2
$\begingroup$

I always thought that Decision Theory and Choice Theory are the same fields. But when reading the Wikipedia entry for Decision Theory recently, I read the explicit clarification: "not to be confused with choice theory".

Reading the article on Decision Theory, the themes covered (rational preferences, choice under uncertainty, intertemporal choice etc.), and even the approach seems to be pretty much the same as Choice Theory (assume rationality, prove the existence of vNM utilities or evoke the Savage axioms etc. and even behavioural findings such as Tversky's heuristics, quasi-hyperbolic discounting etc.).

So what exactly is the difference between Decision Theory and Choice Theory? It feels to me that the same thing is referred to as Choice Theory by Economists and other Social/ Behavioural Scientists and as Decision Theory by Statisticians, Philosophers, Computer Scientists etc. Or is it that the Decision Theory article misleadingly uses the term "Choice Theory" to only refer to "Rational Choice Theory" (as the link suggests) and so, Choice Theory (meaning Rational Choice Theory) is a sub-field of Decision Theory? If not, what is the major difference?

$\endgroup$

1 Answer 1

2
$\begingroup$

It's the latter. The Wikipedia article on decision theory uses the term "choice theory" but links it to rational choice theory.

As to the difference between rational choice theory and decision theory, the former is a sub-field of the latter dealing with "rational" decisions. For a more extensive explanation, you might want to consider the answer I got from GTP-4:

Rational Choice Theory and Decision Theory are similar in that they both involve making choices based on an evaluation of different options. However, they differ in their focus and application.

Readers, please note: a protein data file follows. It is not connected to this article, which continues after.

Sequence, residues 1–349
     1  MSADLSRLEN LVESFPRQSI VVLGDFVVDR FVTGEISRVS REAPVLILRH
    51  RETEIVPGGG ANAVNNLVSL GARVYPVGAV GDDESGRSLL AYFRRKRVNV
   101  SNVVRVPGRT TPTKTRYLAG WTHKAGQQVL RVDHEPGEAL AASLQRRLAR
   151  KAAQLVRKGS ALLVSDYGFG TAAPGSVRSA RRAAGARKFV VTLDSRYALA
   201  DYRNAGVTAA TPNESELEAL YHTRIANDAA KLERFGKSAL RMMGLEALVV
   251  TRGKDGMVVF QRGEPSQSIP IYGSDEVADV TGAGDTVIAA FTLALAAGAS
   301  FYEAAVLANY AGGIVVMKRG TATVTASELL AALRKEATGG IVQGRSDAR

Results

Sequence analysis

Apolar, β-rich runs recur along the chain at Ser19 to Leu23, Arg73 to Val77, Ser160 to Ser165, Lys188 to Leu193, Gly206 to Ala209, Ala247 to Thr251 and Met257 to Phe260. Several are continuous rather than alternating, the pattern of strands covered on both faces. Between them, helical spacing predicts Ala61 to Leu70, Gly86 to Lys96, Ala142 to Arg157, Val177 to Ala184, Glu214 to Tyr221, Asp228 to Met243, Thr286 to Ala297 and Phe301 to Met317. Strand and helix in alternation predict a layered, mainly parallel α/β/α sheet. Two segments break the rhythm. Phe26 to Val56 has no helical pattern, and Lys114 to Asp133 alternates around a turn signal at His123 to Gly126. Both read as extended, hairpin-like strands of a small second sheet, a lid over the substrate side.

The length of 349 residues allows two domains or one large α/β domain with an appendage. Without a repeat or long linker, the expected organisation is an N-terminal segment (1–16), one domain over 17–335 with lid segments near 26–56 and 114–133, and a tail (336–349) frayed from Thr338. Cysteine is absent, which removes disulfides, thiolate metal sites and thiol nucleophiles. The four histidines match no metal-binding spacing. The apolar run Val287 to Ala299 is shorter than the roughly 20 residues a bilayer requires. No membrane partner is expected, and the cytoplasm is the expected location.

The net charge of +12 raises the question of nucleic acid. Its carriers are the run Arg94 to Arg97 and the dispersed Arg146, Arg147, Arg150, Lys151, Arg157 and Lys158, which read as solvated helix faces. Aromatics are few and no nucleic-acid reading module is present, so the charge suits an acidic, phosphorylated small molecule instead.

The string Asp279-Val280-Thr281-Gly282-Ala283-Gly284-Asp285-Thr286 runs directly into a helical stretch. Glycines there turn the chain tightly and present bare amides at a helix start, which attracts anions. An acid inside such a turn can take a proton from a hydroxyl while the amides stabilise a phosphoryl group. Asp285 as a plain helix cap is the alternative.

Rational Choice Theory: This theory is largely used in economics, sociology, and political science. It postulates that individuals always make prudent and logical decisions that provide them with the greatest benefit or satisfaction. These decisions are assumed to be in the individual's best self-interest and aligned with their personal objectives. For example, in economics, a consumer is assumed to choose a combination of goods that maximizes their satisfaction (utility), given their income and the prices of goods.

Decision Theory: This is a more general framework used in a variety of fields including psychology, economics, and artificial intelligence. It includes studying and providing models of how and why decisions are made, considering various factors like uncertainty and risk. It's concerned with identifying the best decision to take, assuming an ideal decision taker who is fully informed, able to compute with perfect accuracy, and fully rational. In contrast to rational choice theory, decision theory may incorporate scenarios where individuals may not act in their own best self-interest or may make choices that seem illogical.

It is worth noting that these theories are overlapping and intertwined. Rational choice theory can be considered a subfield of decision theory which focuses on decisions that maximize the utility for individuals, assuming perfect rationality. However, decision theory can also consider situations where perfect rationality may not apply, such as decisions under uncertainty, or decisions made due to biases and heuristics.

$\endgroup$

Your Answer

By clicking “Post Your Answer”, you agree to our terms of service and acknowledge you have read our privacy policy.

Not the answer you're looking for? Browse other questions tagged or ask your own question.